You’re no doubt familiar with the phrase, “Pay it forward.” It’s an obvious play on the phrase “pay-back.” Our commemoration this evening of the Lord’s Supper is a direct challenge to all of us who take part in it to “pay it forward” as Jesus did.
In the Gospel of John, Jesus eats a last meal with his disciples the day before the Passover supper, which would have taken place the next evening. We shouldn’t be too concerned about John’s timing here…he moved the Passover in his chronology to create a parallel between Jesus’s crucifixion on Friday and the sacrifice of the Passover lamb that would have occurred in the temple on that day, the preparation day for the Passover. Unlike the other evangelists, John didn’t concern himself so much with the story of the institution of the Eucharist which took place at the Last Supper. John had already covered the deeper meaning of the Eucharist in Chapter 6 of his gospel, with Jesus’s discourse on the Bread of Life. No, John’s focus was a little different.
The opening scene of the Last Supper in John’s gospel plays out in the washing of the disciples’ feet. This foot-washing is evidently a prophetic gesture. Recall that prophetic gestures were unusual actions performed by a prophet that were meant to raise questions in the minds of the observers and bring them to a significant realization. Like parables, prophetic gestures were meant to send the observers away pondering the deeper meanings. From Simon Peter’s reactions, we can surmise that Jesus’s gesture fulfilled its purpose well. However, that was then, this is now. What’s our reaction to Jesus’s prophetic gesture?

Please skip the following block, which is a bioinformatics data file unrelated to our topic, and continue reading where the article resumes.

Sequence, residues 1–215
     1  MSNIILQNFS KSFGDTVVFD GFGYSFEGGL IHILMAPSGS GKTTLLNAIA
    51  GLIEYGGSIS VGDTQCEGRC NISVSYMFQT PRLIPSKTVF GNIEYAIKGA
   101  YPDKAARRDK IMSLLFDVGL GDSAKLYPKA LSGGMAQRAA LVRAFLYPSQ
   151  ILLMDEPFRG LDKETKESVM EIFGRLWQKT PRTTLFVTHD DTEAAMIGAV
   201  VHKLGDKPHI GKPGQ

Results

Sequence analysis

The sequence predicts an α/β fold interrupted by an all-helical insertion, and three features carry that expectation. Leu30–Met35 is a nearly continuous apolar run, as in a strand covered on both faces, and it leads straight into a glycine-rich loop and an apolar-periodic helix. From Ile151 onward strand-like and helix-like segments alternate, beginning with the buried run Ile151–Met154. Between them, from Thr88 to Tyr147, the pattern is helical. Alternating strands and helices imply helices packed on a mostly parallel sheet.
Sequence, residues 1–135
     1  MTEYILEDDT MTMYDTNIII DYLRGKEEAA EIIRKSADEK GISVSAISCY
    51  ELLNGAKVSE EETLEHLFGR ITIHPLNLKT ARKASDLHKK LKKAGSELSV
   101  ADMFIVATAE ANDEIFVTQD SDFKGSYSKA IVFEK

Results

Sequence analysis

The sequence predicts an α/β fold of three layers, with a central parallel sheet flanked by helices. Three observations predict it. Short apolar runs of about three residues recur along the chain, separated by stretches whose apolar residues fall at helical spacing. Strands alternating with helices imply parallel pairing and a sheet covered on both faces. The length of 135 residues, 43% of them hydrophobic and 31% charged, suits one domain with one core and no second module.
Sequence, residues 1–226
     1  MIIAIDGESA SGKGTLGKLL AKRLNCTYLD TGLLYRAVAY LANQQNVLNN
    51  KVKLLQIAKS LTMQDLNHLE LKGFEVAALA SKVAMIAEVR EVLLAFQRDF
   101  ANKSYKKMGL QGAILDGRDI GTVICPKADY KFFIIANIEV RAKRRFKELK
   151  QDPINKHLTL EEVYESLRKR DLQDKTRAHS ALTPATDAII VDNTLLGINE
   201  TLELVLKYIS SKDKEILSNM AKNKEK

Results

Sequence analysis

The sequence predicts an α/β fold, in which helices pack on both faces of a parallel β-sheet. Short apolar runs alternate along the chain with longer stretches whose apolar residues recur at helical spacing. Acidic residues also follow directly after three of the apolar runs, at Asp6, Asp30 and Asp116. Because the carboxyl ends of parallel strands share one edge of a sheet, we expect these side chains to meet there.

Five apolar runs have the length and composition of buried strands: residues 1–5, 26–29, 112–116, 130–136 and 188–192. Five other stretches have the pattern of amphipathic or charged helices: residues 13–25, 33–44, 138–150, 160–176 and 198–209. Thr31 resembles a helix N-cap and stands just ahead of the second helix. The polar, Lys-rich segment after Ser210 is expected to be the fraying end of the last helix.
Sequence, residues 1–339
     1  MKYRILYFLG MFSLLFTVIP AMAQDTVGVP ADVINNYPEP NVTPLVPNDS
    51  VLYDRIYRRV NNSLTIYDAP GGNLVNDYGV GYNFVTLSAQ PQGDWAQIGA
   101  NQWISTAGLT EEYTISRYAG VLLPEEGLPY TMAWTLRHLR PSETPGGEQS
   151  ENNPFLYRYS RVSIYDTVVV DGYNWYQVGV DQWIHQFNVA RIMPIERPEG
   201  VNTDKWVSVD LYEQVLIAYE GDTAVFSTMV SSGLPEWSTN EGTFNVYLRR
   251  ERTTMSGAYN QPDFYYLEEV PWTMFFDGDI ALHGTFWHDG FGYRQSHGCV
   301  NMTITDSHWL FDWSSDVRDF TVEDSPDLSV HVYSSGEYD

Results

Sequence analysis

It’s evident that the symbolism of the master washing the feet of the servants is a commentary on the nature of true greatness. On several occasions, Jesus is reported to have taught his disciples that the greatest among them were those who would serve the rest. Remember when he said, “Whoever exalts himself will be humbled, and whoever humbles himself will be exalted” [Matthew 23:12, Luke 14:11, 1 Peter 5:5-6]? There’s no denying that, but we should expect that John, the author of the mystical gospel, would challenge us to go deeper and maybe discover an even more profound meaning.
John places the foot-washing at the Last Supper, the setting for the institution of the Eucharist. Even though John doesn’t mention it, its significance permeates the scene nonetheless. Everyone reading the gospel understood Eucharist. Let’s consider the word, eucharist. It’s taken directly from the Greek, ευχαριστειν (eucharistein), to give thanks. Yet the word itself is made up of two other Greek works, ευ (eu), meaning “good,” and χαρις (charis), meaning “gift.” What is this “good gift” we call Eucharist but the gift of Christ himself to the world? In his discourse on the Bread of Life, John quotes Jesus as saying, “I am the living bread that came down from heaven. Whoever eats this bread will live forever.” [John 6:51] The gift is Jesus himself, in John’s terms, the Word made flesh. The Word is the fulness of God’s communication of himself to us—to humankind. That’s what we mean by the “incarnation”—that God so immersed himself in his creation that he became an integral part of it. The Eucharist—the good gift—is nothing less than God himself manifesting himself to us in a humanly understandable way in the person of Jesus the Messiah, the Christ.